The Plant has a celebrated mantra of “The only thing that leaves is food.” We can add beer, fertilizer, jobs, and kombucha to that list, but you get the idea. What we see above is the manifestation of the old adage “One man’s trash is another man’s treasure.” Spent barley from the brewery is used to feed fish; the waste from the fish is fed to plants and used to generate gas, which powers and climate controls the entire building; and so much more.

These beautifully closed loops are made possible by a few major factors.

  1. Aquaponics By growing plants and fish together, you use up less resources. No more fertilizer purchases, the fish provide nitrates for the plants. The plants in turn clean the water by absorbing a lot of that waste, making the water habitable for the fish.
  2. Anaerobic gas digestion An anaerobic gas digester uses microbes to turn organic materials, such as food waste, into biogas and nutrient rich sludge. The biogas is then burned to produce steam. The steam then generates electricity and heats/cools the building. The CO2 from burning the biogas can then be pumped to the plants that use it to grow faster.
  3. Incubating new sustainable businesses This is the kicker. By incubating small sustainable businesses, it becomes possible to close the loops even further. The Plant currently features many artisanal food businesses, including a beer brewery, a bakery, a kombucha (fermented tea) brewery, and a mushroom farm. Spent grain is used to grow mushrooms, food waste from the commercial kitchen goes into the anaerobic digester, the algae and duckweed from the digester is fed to the fish, and more. When we all work together, we all win. In natural systems, there is no waste. Everything is reused and recycled by something else. Everything in a natural system is decomposed and provides sustenance for something else.

Though none of the technologies used are new, it is a rare treat to see them working together. You also don’t get many chances to tour a brewery, an aquaponics system, a mushroom farm, and restaurants at the same time.

Join us on a tour of The Plant during Earth Week, Thursday, April 26, 2:15-4:30 PM. Co-sponsored by Chicago Studies. Please send your RSVP to by Friday, April 20. Space is limited on this tour.

You don’t want to miss this.

SAGE Advice: Trash or treasure?

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When first arriving in India for study abroad in Fall 2010, students met with the program directors to discuss living at the hotel. At this meeting, a simple question was asked: “Does the hotel recycle?” The room burst into laughter. The answer, in case any naysayers are wondering, was yes—but there was much more to the answer than that. Indians define recycling in a completely different way than we Americans do—they repurpose, recreate, reuse, and upcycle. At our hotel, cleaning fluids were kept in reused water bottles (compared to the U.S. where cleaning fluids are purchased in bottles that are used once and then disposed of) and surplus food from the restaurant was sent home with the employees at the end of the day. In a country of ten billion, where trash pickup is infrequent, reusing becomes the rule, not the exception. I think we have a lot to learn from how Indians perceive trash and how they seem to always think of ways to repurpose things Americans would easily throw away. Here are some lessons from my inner-Indian:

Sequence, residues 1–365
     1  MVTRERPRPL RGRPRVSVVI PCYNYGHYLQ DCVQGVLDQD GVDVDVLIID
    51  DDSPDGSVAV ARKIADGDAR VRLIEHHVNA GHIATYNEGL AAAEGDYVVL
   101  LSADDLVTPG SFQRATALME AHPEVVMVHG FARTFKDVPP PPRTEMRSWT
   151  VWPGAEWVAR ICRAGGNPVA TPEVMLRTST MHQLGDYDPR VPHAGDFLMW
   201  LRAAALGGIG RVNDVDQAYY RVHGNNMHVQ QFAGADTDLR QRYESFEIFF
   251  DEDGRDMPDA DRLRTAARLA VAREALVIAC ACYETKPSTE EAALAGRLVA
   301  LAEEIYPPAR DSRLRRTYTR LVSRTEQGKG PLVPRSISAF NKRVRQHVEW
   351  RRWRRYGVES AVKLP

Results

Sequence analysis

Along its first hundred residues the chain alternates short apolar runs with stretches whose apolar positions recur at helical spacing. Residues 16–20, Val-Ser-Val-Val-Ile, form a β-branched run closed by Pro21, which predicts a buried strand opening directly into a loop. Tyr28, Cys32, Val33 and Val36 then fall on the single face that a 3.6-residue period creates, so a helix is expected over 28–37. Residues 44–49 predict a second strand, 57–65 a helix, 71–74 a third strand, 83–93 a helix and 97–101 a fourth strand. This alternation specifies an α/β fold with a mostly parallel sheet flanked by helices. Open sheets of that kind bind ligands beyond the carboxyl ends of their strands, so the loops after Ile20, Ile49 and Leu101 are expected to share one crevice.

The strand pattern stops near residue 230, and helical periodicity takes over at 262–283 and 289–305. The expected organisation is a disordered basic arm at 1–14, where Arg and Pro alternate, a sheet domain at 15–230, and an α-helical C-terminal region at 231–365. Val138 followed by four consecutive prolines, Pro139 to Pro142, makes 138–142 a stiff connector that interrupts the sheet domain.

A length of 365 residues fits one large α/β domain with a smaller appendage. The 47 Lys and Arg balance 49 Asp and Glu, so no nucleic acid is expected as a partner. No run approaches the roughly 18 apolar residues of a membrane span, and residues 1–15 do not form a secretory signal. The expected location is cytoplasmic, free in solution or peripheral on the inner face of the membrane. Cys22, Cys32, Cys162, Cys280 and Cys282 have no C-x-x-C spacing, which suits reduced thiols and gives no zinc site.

• Check yourself before your wreck yourself/the environment: Before you buy something, consider whether you really need it. Also, think about alternative products—instead of purchasing disposable plastic sandwich bags, invest in a reusable sandwich bag, such as a snack taxi.
  • Think ahead:

    • As you dash out the door in the morning, grab your reusable coffee mug. Many java shops even offer discounts to those who BYOMug Over 16 billion single-use cups are tossed in the trash each year*. The process to make this massive amount of cups wastes enough water to fill 6,000 Olympic-sized swimming pools.
    • Stay hydrated by bringing your reusable water bottle with you, everywhere. Not only will you decrease your carbon footprint, you’ll also save a large chunk of change considering that gallon-per-gallon, bottled water is more expensive than gasoline.
    • Keep reusable bags in your purse or in your car so they travel with you. Use them if you drop by the grocery or need to transport your Tupperware.
  • Think outside the box, literally: Take packaging into consideration when you purchase something and when you’re unpacking something new. Keep packaging materials for use later down the line or use things you already have to package items. For gifts, invest in some reusable bags. The website even allows you to track where these bags travel!

  • Repurpose: Before you throw something away, or even recycle it, consider its possibilities! In my apartment, we have started a quirky compilation of glass jars as an addition to our drinking glass collection. I also have a couple of plastic truffle trays I use to sort my earrings. Before you chuck it, check it. There’s potential in almost everything!

In the end, it’s best to consider if what you’re tossing in the trash really is trash. Help celebrate the Earth by taking a second to tap into your creative side before throwing something away, because it never really goes “away.”

*source here